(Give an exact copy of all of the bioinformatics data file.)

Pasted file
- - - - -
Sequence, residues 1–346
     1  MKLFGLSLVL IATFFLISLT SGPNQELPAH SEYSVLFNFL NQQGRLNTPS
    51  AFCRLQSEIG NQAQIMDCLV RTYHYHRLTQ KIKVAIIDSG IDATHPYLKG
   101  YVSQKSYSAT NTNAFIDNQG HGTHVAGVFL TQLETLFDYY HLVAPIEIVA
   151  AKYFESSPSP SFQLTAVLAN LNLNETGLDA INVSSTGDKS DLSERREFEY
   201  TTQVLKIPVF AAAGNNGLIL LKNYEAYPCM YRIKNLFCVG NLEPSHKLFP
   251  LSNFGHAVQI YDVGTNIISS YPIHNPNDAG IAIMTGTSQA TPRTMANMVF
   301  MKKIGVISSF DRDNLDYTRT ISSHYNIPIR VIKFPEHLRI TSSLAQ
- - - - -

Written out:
Sequence, residues 1–346
     1  MKLFGLSLVL IATFFLISLT SGPNQELPAH SEYSVLFNFL NQQGRLNTPS
    51  AFCRLQSEIG NQAQIMDCLV RTYHYHRLTQ KIKVAIIDSG IDATHPYLKG
   101  YVSQKSYSAT NTNAFIDNQG HGTHVAGVFL TQLETLFDYY HLVAPIEIVA
   151  AKYFESSPSP SFQLTAVLAN LNLNETGLDA INVSSTGDKS DLSERREFEY
   201  TTQVLKIPVF AAAGNNGLIL LKNYEAYPCM YRIKNLFCVG NLEPSHKLFP
   251  LSNFGHAVQI YDVGTNIISS YPIHNPNDAG IAIMTGTSQA TPRTMANMVF
   301  MKKIGVISSF DRDNLDYTRT ISSHYNIPIR VIKFPEHLRI TSSLAQ